Donald Trump's victory might have caught pollsters off guard and sent stock markets across the globe tanking, but investors in Caterpillar Inc. (NYSE:CAT) are among those partying. The heavy-machinery stock opened with a huge push the morning of Nov. 9, surging almost 10% in trade at one point to hit its 52-week high. The market clearly expects the struggling equipment maker to thrive under Trump's presidency. The question is: Will those expectations turn into a reality for Caterpillar?
Trump never hid his love for Caterpillar
The Dow Jones Industrial Average is up about 5% year to date as of this writing, with Caterpillar absolutely crushing it by leading the pack with gains of about 33% so far this year. I believe much of it has to do with Trump's support of the company in the Republican debates. Referring to Japan in January, Trump reflected on how a weak yen is hurting Caterpillar: "Friends of mine are ordering Komatsu tractors now because they've devalued the yen to such an extent that you can't buy a Caterpillar tractor. And we're letting them get away with it, and we can't let them get away with it."
Trump is clearly miffed with the move by Japan's central bank to devalue the yen, which has made Komatsu's machinery a lot more affordable for construction companies in the U.S. and has hurt demand for Caterpillar's equipment. Japan-based Komatsu is the world's second largest construction-equipment maker in terms of revenue, right behind Caterpillar. Komatsu is also set to give Caterpillar's mining-equipment business stiff competition once it acquires Joy Global (NYSE:JOY) -- Caterpillar's closest mining-equipment rival -- in the coming months. But Trump has vowed to revive the coal industry, too – a step that could give Caterpillar's beleaguered resource industries segment a much-needed lifeline.
Trump's rant about Komatsu may not be entirely misplaced: Komatsu's sales from North America were down only about 2% year over year for the six months ended Sept. 30. Comparatively, Caterpillar's machinery sales from North America slumped 20% year over year in just the third quarter. Worse yet, Caterpillar downgraded its outlook for construction-equipment sales in North America for the second half of the year, even expecting the weak trends to "continue into 2017."
Trump's victory has sent Caterpillar bulls into a tizzy, as they believe he'll resort to extreme measures such as imposing hefty tariffs on Japan and China to curb machinery imports. While that should benefit most equipment manufacturers, Caterpillar has hogged the limelight after Trump started advocating for the company during his race to the presidential election. At of his campaign rallies in May, he boasted how much he loved "construction," and how he could tell "you more about Caterpillar tractors than the people that work there."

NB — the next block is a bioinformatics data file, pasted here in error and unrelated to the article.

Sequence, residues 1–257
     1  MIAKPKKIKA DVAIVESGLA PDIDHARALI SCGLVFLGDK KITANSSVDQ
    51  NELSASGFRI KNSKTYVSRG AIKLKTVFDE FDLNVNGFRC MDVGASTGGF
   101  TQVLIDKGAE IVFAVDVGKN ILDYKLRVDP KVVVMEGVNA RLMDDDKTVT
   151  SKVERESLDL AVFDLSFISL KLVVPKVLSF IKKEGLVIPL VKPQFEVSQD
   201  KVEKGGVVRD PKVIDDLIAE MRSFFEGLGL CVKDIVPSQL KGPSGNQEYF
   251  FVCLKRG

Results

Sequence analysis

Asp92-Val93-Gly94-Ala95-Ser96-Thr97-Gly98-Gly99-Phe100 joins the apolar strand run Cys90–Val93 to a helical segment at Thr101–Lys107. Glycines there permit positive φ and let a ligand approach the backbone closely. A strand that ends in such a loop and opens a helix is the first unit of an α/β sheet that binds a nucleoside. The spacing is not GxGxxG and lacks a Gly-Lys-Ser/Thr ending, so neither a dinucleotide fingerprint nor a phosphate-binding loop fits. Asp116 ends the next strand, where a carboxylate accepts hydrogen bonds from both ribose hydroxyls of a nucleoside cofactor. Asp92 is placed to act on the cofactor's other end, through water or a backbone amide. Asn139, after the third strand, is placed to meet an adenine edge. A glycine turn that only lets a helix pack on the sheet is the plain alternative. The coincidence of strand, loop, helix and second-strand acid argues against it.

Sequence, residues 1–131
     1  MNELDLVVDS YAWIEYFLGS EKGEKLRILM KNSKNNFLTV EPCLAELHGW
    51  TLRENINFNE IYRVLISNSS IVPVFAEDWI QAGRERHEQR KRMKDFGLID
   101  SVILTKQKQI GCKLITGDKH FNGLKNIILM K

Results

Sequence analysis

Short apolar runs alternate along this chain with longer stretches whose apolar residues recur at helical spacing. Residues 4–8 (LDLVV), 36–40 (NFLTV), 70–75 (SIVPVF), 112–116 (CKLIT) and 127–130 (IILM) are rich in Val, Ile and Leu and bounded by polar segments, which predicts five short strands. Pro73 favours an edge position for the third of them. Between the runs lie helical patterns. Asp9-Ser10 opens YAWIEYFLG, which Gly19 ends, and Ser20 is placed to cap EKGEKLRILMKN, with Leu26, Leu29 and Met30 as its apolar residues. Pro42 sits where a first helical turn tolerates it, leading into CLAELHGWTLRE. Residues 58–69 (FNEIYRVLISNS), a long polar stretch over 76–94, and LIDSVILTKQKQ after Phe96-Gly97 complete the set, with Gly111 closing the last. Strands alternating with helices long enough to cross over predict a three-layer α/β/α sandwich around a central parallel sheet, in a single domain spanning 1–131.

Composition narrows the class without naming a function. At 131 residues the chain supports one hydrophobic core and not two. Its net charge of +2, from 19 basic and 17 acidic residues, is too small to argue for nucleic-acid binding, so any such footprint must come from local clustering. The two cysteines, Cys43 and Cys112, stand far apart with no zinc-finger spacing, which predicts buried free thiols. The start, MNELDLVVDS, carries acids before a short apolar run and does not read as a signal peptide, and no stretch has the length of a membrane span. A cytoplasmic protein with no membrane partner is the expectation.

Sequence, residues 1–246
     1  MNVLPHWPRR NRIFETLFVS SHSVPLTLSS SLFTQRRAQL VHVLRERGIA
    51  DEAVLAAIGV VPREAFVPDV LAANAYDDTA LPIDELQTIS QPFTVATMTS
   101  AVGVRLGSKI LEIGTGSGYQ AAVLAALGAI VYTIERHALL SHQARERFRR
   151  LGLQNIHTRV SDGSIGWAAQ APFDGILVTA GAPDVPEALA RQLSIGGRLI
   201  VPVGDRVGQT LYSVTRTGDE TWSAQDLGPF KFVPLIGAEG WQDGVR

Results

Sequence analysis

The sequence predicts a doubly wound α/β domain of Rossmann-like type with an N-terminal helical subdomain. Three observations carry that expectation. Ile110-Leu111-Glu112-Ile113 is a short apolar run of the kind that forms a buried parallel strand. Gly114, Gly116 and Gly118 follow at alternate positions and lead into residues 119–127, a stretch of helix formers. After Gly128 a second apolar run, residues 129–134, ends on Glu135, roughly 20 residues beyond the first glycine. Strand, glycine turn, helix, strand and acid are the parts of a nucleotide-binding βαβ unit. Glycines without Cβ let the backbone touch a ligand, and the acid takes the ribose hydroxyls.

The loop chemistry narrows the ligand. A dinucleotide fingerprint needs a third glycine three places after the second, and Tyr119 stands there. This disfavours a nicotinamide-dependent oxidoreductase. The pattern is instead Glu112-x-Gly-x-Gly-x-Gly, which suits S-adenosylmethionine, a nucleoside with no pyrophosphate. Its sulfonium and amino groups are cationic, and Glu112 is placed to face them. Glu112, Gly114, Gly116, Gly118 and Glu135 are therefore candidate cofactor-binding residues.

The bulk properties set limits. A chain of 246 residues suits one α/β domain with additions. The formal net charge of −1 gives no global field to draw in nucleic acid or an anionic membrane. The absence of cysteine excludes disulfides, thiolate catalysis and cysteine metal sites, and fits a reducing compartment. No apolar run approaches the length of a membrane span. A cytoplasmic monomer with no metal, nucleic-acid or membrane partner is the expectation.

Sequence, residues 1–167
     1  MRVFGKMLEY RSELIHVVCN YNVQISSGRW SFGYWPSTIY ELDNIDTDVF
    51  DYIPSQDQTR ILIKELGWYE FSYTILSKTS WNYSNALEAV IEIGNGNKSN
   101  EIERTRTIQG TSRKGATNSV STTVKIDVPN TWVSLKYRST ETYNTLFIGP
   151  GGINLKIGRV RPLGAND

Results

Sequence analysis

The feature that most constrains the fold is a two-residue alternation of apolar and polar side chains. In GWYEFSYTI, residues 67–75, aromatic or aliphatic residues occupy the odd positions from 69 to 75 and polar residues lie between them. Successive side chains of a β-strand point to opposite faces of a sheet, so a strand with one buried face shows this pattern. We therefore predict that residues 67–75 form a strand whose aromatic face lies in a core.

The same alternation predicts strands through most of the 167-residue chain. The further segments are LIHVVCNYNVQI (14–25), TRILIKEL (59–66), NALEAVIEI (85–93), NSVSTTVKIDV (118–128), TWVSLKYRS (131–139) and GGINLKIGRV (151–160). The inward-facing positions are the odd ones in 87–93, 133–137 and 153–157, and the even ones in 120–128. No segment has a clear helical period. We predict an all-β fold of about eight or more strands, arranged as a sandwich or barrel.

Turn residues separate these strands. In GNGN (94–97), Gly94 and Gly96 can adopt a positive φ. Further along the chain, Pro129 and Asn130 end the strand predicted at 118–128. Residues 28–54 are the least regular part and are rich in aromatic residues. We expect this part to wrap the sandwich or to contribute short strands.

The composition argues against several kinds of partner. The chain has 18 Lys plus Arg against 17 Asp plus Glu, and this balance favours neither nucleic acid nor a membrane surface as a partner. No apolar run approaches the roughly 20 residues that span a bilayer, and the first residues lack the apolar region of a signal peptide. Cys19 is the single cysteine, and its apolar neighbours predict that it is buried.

And that's not to forget Trump's promise of using only Caterpillar and Deere (NYSE:DE) equipment to build his infamous U.S.-Mexico border wall were he to become the president.
OK, so does that mean Caterpillar's sales will skyrocket?
Imposing tariffs and risking trade relations wouldn't be easy, and neither will be the wall. However, Caterpillar still stands to benefit under Trump's presidency, as infrastructure spending in the U.S. takes off after a lull. Trump frequently stressed the dire need to rebuild America's crumbling infrastructure during his campaigns, even proposing to spend a jaw-dropping $1 trillion on projects such as building and fixing roads, dams, airports, and bridges over the next decade.
That number might sound ambitious, but there's no question Trump will want to display his real estate acumen. As you might already know, he has built his private business empire, the Trump Organization, on real estate deals over the years, snapping up stakes in hotels, golf courses, offices, resorts, and other buildings.
The only caveat is that Caterpillar derives a major chunk of its revenue overseas. At a Business Roundtable meeting earlier this year, CEO Doug Oberhelman emphasized how important international markets are when he said: "The United States only makes up 5% of the world's population. We've got to learn to deal with the other 95%."
Even within its construction industries segment, Caterpillar derives half its sales from outside North America. So while an uptick in construction activity at home should benefit Caterpillar, its turnaround also depends a great deal on how quickly international markets recover.
No one can predict where Trump will take America, but Caterpillar appears to be in safer hands under his administration, provided he's as serious about infrastructure as he sounds. Otherwise, Caterpillar may still have a long road to recovery, as I recently explained. The stock now needs more than just promises and hopes to sustain its rally, especially given how richly valued it already appears to be.